On some decorative concrete projects, the only people looking over your shoulder are other tradespeople. But when Owen Ondrisko’s crew at Stampco crafted cast-in-place benches and adjacent flatwork for a section of the Pittman Wash Trail in Henderson, they had to work around passersby during the day, then protect their work from vandals at night.
“We were doing architectural concrete down a 5-mile trail while the trail was open,” Ondrisko says. “We’re pouring concrete, school gets out, and 50 kids are walking by.”
The city of Henderson takes walking seriously — in fact, it has 37 miles of trails and made Prevention magazine’s 2007 top-ten list of the best U.S. cities for walking. In 2012, the city completed a pedestrian trail along Pittman Wash, a natural channel that drains stormwater from the city to prevent floods.
The benches — 37 in all, referred to by the city as “seat walls” — and their accompanying colored flatwork were part of a package of amenities for the Pittman Wash trail funded by federal stimulus money. In addition to landscaping, fencing and interpretive signage, the improvements included a series of rest areas, called “waysides,” with seating and hardscaping. Some of the waysides are located where the trail crosses a street. Others contain interpretive signage about the natural environment of the wash and the surrounding mountains.
The project was designed in a collaboration between Atkins, an international engineering and design firm with an office in Henderson; Lage Design Inc., headquartered in Henderson; and the city of Henderson. Lindzay Green led the project for Atkins and landscape architect Carrie Becker represented the city.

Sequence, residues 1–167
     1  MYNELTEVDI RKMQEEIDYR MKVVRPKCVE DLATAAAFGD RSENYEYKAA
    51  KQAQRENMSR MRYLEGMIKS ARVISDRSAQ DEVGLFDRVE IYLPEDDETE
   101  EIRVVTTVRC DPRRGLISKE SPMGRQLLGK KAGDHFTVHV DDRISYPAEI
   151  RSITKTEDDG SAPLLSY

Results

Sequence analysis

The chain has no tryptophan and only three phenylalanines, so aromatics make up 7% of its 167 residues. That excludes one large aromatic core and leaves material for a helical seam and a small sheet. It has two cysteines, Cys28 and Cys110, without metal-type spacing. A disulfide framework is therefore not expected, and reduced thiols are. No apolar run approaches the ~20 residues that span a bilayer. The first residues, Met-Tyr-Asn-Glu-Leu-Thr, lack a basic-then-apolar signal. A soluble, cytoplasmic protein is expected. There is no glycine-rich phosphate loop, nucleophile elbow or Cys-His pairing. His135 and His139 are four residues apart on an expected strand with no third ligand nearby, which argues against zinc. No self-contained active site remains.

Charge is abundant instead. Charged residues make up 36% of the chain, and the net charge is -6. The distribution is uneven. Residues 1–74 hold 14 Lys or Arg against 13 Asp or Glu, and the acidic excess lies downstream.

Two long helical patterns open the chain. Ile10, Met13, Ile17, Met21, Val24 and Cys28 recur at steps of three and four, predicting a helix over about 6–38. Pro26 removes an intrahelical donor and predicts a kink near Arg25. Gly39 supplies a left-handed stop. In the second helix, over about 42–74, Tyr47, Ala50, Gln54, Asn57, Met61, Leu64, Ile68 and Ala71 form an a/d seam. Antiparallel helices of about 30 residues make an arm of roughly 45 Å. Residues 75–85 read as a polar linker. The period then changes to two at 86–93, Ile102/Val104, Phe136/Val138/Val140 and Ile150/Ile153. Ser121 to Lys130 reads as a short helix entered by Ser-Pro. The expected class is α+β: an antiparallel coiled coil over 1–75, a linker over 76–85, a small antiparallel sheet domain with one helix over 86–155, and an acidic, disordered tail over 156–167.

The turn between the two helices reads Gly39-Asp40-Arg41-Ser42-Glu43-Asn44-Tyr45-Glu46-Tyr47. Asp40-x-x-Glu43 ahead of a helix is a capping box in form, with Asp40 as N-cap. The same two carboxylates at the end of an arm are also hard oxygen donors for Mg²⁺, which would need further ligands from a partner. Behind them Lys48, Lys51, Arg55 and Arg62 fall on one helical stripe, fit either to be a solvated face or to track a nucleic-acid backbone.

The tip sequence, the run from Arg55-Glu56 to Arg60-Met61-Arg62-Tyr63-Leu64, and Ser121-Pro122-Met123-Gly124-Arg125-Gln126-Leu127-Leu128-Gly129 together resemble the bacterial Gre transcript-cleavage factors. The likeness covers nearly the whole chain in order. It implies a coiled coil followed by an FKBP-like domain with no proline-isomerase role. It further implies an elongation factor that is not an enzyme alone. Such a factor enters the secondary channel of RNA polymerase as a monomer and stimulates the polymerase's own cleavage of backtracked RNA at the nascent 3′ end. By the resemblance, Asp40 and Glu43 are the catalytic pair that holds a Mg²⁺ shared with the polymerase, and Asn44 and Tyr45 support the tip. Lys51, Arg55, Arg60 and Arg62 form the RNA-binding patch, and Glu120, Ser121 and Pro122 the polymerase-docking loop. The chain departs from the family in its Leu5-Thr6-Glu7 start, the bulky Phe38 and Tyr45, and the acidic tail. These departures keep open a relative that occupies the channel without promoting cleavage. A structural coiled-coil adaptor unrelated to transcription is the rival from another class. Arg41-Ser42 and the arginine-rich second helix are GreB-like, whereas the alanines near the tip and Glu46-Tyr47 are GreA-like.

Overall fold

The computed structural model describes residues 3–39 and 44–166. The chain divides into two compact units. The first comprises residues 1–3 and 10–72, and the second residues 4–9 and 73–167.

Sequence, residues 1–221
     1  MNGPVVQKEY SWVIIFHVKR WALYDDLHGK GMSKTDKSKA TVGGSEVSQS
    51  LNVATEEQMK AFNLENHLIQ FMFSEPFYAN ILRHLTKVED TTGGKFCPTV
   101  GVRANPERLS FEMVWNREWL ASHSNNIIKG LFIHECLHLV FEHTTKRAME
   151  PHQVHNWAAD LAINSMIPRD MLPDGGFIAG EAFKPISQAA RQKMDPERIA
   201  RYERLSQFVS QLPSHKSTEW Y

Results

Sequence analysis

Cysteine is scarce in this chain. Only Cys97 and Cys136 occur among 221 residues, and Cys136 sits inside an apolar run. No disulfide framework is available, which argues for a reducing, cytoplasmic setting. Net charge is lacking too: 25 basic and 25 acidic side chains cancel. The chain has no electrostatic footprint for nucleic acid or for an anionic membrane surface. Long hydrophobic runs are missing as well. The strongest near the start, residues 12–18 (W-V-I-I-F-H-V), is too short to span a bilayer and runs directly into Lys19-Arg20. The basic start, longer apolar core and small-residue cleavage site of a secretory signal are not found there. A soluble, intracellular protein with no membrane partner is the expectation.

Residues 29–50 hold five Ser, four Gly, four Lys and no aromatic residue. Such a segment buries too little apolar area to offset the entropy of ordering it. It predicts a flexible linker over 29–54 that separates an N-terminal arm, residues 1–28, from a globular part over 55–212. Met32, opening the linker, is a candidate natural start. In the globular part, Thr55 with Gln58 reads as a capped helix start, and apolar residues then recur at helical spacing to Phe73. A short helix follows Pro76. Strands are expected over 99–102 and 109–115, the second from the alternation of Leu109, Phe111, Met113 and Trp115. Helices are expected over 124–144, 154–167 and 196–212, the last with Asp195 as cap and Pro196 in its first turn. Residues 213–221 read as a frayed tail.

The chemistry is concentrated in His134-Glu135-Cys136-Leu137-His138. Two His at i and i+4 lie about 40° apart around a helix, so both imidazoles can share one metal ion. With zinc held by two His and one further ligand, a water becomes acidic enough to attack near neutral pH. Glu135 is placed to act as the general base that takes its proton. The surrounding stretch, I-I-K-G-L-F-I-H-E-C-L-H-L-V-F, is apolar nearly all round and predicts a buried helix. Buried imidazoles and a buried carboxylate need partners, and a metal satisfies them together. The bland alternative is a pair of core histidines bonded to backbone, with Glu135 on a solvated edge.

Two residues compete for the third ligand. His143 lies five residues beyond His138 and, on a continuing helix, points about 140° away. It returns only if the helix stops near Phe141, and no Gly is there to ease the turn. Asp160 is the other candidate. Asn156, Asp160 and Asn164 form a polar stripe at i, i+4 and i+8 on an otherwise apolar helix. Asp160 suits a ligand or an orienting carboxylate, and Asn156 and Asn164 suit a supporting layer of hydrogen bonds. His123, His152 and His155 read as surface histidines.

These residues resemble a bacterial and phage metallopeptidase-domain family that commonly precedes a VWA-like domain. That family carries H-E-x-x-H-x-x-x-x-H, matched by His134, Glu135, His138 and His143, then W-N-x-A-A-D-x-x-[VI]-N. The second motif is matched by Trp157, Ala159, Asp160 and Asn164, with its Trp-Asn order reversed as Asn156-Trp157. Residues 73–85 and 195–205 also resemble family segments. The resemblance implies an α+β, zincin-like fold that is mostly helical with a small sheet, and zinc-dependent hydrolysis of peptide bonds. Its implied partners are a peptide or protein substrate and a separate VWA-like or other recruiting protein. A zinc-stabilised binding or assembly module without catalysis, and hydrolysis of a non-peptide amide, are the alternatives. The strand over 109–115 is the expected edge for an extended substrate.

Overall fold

Each bench is 4 feet wide and 30 feet long, with a level top that rises in steps to a height of 5 feet in some places. Ondrisko’s crew built forms for the benches from half-inch plywood according to the Atkins design.
Becker says the design partners chose colored concrete for the waysides to alert pedestrians that they were approaching an “area of importance” — a street crossing or an informative display.
The benches were integrally colored with 4 pounds of Kahlua Davis Color per 6 1/2 pound sack. And they are colored all the way through, meaning a lot of that pigment will never see the light of day. “In the eyes of an owner, it was a lot of wasted color,” Ondrisko says. “But if we stained it, it wouldn’t last.”
Ondrisko says that he could have gotten satisfactory results from 2 or 3 pounds of color per sack. “Once you go over 2 pounds, you’re just losing the poundage. Within six months it just ‘bleaches out’ anyway.”
The benches have troweled tops. A sandblasted pattern of lines aligns with cuts in the surrounding flatwork and areas of exposed aggregate to evoke the outlines of the dry riverbed whose course the trail follows. The crew created color effects by varying the depth of the sandblasting.
Before starting the job, Ondrisko created a mock-up for the city that showed how troweling would affect the color. “Any time you trowel colored concrete, it mottles the color because you’re burning the color with your trowel,” he says.
As a finishing touch, the seat walls were fitted with antiskateboarding guards.
Stampco also poured the broom-finished flatwork around the benches, but went beyond the expected gray or another single color. “The city put some design into it,” Ondrisko says. They used two integral colors from Davis: Green Slate (3 pounds per bag concrete) and Omaha Tan (1 pound).
The crew contended not only with passersby who wrote in the wet concrete but also with an unexpected storm. “I poured 150 feet of curb that got washed out in the rain,” Ondrisko says.